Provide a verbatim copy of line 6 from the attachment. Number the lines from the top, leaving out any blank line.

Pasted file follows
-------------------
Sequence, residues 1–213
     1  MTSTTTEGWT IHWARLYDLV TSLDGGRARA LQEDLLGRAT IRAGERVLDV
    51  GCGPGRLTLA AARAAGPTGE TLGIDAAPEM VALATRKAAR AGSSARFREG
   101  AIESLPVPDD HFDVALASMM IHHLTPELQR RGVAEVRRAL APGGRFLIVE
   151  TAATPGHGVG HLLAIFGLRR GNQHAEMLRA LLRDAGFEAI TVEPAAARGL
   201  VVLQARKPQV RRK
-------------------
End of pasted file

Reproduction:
   201  VVLQARKPQV RRK